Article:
Homeland Security strives to roll out real-time threat detection programs for lagging agencies.
The Homeland Security Department is footing a potentially $6 billion bill to provide civilian agencies with the technology and expertise needed for near real-time threat detection, DHS officials said this week. The White House has demanded so-called continuous monitoring since 2010, but many agencies did not have the resources or know-how to initiate such surveillance.
Under the new five-year project, DHS, which is responsible for protecting civilian networks, will shoulder the financial burden to finish activating continuous monitoring governmentwide. More than 62 percent of the federal government, or 15 out of 24 major civilian agencies, do not have mature surveillance programs, according to internal watchdogs
The new initiative, called continuous monitoring as a service, or CMaaS, will bundle sensors, risk-status displays and professional consulting services for agencies, according to a vendor solicitation released late last month.
Homeland Security plans to split the job among at least five teams, each comprising multiple companies supplying an array of technologies and experts. Military, state and local agencies will be urged to purchase services from the same contract packages to protect dot-mil and municipal government computer systems, but Homeland Security will not cover those costs.
“DHS is responsible for securing unclassified networks for federal executive branch civilian departments and agencies” on the dot-gov domain, Homeland Security spokesman SY Lee said.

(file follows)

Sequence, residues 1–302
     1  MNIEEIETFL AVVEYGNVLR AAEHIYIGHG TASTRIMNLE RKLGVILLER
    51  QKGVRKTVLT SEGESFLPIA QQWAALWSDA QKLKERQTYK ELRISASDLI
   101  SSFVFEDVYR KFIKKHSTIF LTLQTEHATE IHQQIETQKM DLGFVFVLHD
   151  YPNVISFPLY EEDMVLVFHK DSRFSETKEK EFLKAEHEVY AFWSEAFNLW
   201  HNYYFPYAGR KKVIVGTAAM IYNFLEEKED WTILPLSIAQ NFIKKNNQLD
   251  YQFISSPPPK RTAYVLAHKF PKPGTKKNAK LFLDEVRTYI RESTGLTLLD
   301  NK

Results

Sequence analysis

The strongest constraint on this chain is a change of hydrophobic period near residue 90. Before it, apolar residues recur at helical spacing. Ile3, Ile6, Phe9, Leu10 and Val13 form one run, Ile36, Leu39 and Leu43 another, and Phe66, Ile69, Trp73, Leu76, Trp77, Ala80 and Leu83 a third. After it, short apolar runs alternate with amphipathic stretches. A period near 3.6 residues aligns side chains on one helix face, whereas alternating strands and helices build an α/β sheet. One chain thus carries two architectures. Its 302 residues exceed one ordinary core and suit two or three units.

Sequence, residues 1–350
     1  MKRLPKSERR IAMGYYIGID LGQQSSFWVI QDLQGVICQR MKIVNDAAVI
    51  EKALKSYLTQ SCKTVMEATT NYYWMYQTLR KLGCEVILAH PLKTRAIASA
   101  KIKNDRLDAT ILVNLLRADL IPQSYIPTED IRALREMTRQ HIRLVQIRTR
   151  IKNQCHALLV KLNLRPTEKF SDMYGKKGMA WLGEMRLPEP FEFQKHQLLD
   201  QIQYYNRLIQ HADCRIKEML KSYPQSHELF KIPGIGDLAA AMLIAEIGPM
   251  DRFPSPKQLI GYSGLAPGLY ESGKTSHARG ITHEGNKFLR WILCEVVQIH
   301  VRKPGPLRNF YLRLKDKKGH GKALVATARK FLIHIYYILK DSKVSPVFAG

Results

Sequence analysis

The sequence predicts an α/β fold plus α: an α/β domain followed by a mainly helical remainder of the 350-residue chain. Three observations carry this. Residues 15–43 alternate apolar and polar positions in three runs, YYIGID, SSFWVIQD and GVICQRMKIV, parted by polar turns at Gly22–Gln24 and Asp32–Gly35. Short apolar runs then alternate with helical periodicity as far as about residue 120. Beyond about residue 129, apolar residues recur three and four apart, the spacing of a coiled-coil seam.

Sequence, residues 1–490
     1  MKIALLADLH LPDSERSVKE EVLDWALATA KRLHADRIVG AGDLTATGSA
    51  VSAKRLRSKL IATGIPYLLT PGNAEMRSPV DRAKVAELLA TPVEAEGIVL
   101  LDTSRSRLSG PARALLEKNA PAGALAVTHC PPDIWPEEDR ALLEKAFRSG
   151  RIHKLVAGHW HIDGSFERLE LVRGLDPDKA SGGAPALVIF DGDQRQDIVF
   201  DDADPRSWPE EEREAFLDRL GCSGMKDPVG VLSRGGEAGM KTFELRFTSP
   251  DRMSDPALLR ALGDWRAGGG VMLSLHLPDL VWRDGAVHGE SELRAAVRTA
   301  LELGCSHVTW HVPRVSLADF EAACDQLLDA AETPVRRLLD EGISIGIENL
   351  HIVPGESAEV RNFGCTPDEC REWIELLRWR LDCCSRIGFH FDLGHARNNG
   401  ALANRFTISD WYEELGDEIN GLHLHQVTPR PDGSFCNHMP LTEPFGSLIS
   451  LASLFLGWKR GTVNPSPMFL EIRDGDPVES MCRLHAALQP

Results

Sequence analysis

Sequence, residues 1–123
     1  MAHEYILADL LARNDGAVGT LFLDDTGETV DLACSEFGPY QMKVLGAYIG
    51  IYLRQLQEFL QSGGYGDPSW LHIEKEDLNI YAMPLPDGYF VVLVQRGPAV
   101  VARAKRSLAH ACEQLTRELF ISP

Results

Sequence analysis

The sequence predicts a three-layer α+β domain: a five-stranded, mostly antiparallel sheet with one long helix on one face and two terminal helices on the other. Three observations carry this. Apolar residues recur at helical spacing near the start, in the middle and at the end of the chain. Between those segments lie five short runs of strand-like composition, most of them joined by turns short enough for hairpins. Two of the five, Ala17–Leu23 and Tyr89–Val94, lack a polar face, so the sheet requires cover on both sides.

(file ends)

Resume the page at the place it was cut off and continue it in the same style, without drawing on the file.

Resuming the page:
Some information technology vendors expect, in the future, similar services will be offered to electricity providers, hospitals and other critical service companies for their private networks, though that is outside the scope of the current initiative.
Executives at prospective contractor Booz Allen Hamilton said their bid for the task will highlight the Virginia-based consulting firm’s own internal continuous monitoring system. “We’re definitely eating our own dog food on continuous monitoring,” said George Schu, a senior vice president who handles the company’s federal cyber business. “I think this is a defining moment for the nation, and the government has an important role.”
Continuous monitoring is intended to quantitatively track computer security protections, detect abnormal network activity, and then illustrate all this data on a central, easy-to-read computer screen, federal officials say. Agency personnel are in charge of interpreting the statistics on those “dashboards” to spot vulnerabilities and fix the most detrimental ones first, Lee said.
Each competitive proposal must include all three CMaaS components: human services, tools and dashboards.
Industry players are creating diverse teams because of the breadth of skills required, Booz Allen officials said. Agencies will be able to select from 15 types of tools, such as applications that identify unauthorized software and users on a system, as well as professional consulting services to operate the tools, the contracting document states.
This week, Homeland Security officials said they anticipate awarding the contracts before October 2013.
Ahead of imminent budget cuts, DHS secured $218 million for continuous monitoring and intrusion detection programs from a continuing resolution that funds the government through March 27.
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